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Security paradox poses conundrum for French governance

France is facing renewed protests over a controversial draft security law which, among other provisions, stipulates that no-one may post, on any platform, videos in which a national security officer may be identified. Following outbreaks of often violent protests during the weekends of 21–22 and 28-29 November over Article 24 of the draft, President Emmanuel Macron announced on 30 November that the article would be redrafted. The rest of the bill – which passed a first parliamentary reading on 24 November, at the same time as further protests were emerging against incidents of alleged police brutality – will remain unchanged, but the government hoped to appease tensions by providing clearer wording for this provision.

The country is attempting to update its security legislation as it continues to struggle with one of the highest terrorist threat levels in Europe. On 29 October, a young man of Tunisian nationality, believed to have illegally arrived in France in early October, entered the Notre Dame Basilica in Nice with the alleged intention of committing a terrorist act. A pedestrian alerted the Municipal Police that someone was “murdering people” in the Basilica, and four Municipal Police officers arrived “within minutes” and shot the suspect. Nevertheless, the attacker killed three people and at the time of writing remained critically ill in hospital. Anti-terrorism prosecutors have opened an investigation into the attack and its named suspect, 21-year-old Brahim Aioussaoi.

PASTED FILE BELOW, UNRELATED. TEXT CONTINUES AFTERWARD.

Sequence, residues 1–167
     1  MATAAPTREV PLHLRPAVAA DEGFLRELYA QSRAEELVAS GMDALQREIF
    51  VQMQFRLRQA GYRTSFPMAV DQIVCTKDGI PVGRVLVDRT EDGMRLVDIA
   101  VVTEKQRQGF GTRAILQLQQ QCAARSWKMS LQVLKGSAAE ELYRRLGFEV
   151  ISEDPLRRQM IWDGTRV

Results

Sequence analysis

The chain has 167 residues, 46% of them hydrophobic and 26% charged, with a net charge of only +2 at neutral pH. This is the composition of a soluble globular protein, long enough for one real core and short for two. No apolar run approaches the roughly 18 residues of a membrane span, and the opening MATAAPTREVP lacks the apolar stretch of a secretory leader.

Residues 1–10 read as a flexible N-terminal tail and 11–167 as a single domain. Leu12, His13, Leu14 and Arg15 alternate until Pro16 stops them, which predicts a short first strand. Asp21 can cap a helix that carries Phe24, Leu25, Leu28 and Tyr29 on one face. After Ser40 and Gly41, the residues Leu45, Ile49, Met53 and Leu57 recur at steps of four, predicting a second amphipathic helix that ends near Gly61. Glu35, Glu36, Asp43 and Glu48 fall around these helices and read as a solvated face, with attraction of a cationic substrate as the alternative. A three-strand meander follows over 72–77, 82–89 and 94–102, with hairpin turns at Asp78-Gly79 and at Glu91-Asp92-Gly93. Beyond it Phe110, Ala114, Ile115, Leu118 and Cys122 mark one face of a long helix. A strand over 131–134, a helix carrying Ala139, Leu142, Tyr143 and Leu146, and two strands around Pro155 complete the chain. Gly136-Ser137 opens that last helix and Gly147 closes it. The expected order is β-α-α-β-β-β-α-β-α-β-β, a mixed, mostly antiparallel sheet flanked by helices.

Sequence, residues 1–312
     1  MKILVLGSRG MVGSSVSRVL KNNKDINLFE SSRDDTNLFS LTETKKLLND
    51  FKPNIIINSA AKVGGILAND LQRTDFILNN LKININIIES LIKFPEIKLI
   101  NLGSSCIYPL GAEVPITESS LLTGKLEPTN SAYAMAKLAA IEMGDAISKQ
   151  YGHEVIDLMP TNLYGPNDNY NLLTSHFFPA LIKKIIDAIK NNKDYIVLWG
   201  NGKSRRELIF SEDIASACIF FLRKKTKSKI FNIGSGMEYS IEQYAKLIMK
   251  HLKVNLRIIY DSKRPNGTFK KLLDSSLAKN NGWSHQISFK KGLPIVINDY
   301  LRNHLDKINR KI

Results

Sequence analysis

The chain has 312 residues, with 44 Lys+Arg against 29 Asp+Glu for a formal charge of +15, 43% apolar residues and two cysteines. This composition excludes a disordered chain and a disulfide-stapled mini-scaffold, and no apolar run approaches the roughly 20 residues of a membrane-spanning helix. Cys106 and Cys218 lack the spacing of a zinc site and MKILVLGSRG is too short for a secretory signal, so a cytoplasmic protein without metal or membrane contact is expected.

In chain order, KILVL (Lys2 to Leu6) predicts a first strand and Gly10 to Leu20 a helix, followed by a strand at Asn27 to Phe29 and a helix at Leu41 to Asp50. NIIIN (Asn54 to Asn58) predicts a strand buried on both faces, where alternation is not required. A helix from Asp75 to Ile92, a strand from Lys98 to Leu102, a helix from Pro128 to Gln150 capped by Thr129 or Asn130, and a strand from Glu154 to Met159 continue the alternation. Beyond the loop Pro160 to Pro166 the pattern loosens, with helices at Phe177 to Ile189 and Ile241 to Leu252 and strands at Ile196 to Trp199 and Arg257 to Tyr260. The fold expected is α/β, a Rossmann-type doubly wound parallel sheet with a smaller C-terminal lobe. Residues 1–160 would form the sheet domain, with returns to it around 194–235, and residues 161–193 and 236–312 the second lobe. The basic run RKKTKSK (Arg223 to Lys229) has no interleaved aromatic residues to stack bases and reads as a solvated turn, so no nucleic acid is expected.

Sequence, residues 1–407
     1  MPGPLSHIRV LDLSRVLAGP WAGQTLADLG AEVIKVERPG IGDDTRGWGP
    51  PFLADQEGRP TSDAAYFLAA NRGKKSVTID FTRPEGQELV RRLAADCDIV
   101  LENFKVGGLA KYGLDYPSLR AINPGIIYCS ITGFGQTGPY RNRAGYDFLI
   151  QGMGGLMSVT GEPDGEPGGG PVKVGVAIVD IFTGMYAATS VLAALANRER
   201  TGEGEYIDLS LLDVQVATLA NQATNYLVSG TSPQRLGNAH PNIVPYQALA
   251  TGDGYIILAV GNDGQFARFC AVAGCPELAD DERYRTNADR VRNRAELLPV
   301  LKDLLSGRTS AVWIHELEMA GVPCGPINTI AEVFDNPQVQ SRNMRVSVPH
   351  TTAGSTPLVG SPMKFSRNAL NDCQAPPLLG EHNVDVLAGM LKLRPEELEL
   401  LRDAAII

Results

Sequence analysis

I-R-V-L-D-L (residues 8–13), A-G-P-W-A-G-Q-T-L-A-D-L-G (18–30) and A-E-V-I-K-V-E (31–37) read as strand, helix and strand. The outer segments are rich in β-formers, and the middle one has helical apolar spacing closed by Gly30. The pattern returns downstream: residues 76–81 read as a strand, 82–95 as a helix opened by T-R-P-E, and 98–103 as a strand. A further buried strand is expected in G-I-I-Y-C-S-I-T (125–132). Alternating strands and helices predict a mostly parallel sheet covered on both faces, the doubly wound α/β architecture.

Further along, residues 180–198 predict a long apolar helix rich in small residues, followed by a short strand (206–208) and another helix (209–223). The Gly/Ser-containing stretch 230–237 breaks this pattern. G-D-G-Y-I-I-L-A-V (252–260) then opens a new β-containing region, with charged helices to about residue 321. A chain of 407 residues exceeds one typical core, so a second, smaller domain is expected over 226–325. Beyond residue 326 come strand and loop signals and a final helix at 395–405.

The key role played by the Municipal Police in Nice’s October terrorist attack was a good example of the increasing importance of the force within France’s national security system. Directly responsible to local mayors, the Municipal Police has emerged as the answer to citizens’ requests across France for a security force more embedded in their local communities.

Lawyers and journalists protest outside the National Assembly against the French government's proposed global security law on 17 November 2020 in Paris, France. The protesters included activists, reporters, and unions concerned that Article 24 of the bill could threaten press freedom. (Kiran Ridley/Getty Images)

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